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This page illustrates the idea of “programming companion” pages for the main articles in the Wiki. This one is the companion to the Petri nets article.

These pages are intended as a pragmatic complement to the pages which introduce the concepts themselves. They are pitched to the discourse of programmers, software engineers, computer scientists, and, more generally anyone who wants to take a hands-on approach to learning and working with the concepts. They will lead, step by step, towards an understanding of how to actually program the concept, and should contain small demonstration programs that actually work. The readers should be able to run these programs with a minimum of ado. For this purpose, the use of some “high level” scripting language is recommended.

A pragmatic companion article should refer to the main article and may assume the context that it provides, but it should be able to stand on its own. The conceptual material will need to be reformulated with intended audience in mind. A companion articles will also have a different rhythm than its conceptual counterpart. Whereas the conceptual articles may aspire to a “soaring” architecture, where the ideas are linked together in a beautiful network of ideas that has deep connections with the research literature, the computational companion articles, while guided by the conceptual progression, will have more of “marching” quality. They will start by explaining the most basic concept, then how to implement it in a sample program, then explain the next concept, then may talk about how to tweak the original program to a demonstration of the next program. Interspersed with this will be talk about data structures and algorithms. Everything will be needed to be said more explicitly, and the concepts will be unfolded according to a different schedule.

In any case, they should be lots of fun to write, read, and use.

An effort should be to make the code as transparent as possible, and as brief as possible, while still aiming for code that runs. If polishing the behavior of the program would make it longer or more complex to read, then leave it out. If you give the user a working model, then they work it up themselves. For example, in the first sample program here, which runs a Petri net with chemical reaction transitions, the decision was made to hard-code the network description into the top-level call that the script makes, rather than passing the state and transition specifications as arguments to the script. Although it would have made the script much cooler as a tool, that would have increased the mass of code with argument parsing logic that is routine and irrelevant to the concept under examination. Furthermore, the top-level call to the Petri net simulation method would be made much less obvious, because the literal text in the unsophisticated version:

net = PetriNet(
    ["H", "O", "H2O"],    # all states
    ["combine", "split"], # all transitions

    [("combine",2,"H"), ("combine",1,"O"), ("split",1,"H2O")], # inputs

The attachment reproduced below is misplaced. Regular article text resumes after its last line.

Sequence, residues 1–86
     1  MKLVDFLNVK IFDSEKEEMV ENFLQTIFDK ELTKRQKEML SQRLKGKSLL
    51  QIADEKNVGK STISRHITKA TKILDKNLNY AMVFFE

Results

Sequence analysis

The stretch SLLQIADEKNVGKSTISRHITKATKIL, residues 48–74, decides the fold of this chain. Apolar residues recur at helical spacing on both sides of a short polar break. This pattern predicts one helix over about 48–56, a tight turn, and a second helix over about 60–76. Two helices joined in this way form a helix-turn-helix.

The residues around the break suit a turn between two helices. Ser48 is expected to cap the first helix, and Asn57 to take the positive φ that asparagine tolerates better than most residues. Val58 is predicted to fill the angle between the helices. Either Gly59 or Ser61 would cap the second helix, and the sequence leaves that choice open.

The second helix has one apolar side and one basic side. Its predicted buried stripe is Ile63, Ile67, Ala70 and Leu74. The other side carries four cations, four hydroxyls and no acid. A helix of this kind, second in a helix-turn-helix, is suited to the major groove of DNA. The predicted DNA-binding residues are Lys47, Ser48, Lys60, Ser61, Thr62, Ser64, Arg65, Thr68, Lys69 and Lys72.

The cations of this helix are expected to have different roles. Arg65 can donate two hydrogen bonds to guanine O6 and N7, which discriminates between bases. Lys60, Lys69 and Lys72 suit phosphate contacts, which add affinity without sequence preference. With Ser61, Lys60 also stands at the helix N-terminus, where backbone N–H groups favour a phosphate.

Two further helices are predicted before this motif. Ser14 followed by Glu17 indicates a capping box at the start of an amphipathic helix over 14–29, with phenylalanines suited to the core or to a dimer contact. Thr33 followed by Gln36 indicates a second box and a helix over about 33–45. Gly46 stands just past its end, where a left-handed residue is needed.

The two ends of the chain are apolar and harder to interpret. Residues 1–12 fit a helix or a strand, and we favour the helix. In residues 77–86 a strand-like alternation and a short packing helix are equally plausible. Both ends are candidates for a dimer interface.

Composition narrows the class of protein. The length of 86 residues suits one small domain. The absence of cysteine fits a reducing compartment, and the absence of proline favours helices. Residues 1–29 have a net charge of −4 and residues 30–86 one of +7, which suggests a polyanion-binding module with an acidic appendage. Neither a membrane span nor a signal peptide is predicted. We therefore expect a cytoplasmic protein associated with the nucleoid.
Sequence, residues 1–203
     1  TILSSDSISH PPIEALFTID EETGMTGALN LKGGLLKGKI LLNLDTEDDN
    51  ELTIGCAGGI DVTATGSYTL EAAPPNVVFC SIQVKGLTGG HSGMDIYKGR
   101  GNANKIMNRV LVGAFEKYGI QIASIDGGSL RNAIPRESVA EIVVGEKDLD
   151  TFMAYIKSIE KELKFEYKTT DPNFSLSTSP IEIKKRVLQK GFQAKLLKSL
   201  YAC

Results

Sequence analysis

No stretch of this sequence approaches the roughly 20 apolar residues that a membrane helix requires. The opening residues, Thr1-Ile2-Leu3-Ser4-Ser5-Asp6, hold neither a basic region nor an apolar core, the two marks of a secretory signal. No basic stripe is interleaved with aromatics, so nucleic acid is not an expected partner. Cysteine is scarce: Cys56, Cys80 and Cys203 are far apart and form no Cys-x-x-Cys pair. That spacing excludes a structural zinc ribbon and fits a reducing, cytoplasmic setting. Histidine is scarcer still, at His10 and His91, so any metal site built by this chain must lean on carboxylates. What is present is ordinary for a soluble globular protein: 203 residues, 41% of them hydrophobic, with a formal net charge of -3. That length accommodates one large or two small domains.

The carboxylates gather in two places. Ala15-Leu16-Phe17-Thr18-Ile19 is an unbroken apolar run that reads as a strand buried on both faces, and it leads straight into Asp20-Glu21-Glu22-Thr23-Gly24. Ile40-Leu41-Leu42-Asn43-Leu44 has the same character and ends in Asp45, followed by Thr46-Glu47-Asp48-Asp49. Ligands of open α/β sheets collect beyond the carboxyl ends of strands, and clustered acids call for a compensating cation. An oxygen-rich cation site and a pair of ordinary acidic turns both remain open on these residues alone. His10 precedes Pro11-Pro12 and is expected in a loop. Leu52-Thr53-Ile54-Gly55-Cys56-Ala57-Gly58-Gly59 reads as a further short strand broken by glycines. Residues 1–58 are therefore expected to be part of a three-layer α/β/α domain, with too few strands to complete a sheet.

[("combine",1,"H2O"), ("split",2,"H"), ("split",1,"O")],   # outputs
    # combine has 2 H inputs, 1 O input, and 1 H2O output 
    # split has 1 H20 input, 2 H outputs, and 1 O output 

is far more lucid than this call would be in the more usable program:

net = PetriNet(

Whatever functionality you leave out of the sample program can be presented to the reader as exercises.

Exercises are recommended, to put the icing on the page.

Petri net basics

A Petri net is a kind of graph that represents a type of discrete process. It contains two kinds of nodes: one is called “places” or “states”, and the other called “transitions”. A place is a container that can hold any non-negative number of “tokens”. In the basic model, the tokens are atomic objects, all of the same featureless type. The transitions are process nodes that consume tokens from their input places, and produce tokens on their output places.

Each transition node is connected to a fixed collection of input places, and a fixed collection of output places. An input place may occur multiple times in the input collection, and similarly for the output places. When the transition fires, it removes one token from each of its input places, and adds one token to each of its output places. If the same place occurs k times in the input collection, then the firing of the transition will remove k tokens from that input place. Similarly, if a place occurs k times in the output collect, then the firing of the transition will add k tokens to that place.

If there are an insufficent number of tokens on any of its input places, the transition is not enabled to fire. For instance, if a transition contains two occurrences of an input place p, then there must be at least two tokens at p in order for it to be enabled.

Dataflow activity arises when an input place of one transition is an output place of another transition.

The state of the whole net is described by function that assigns a non-negative integer to each place – the function that gives the token count at each place. This function is called a marking of the net.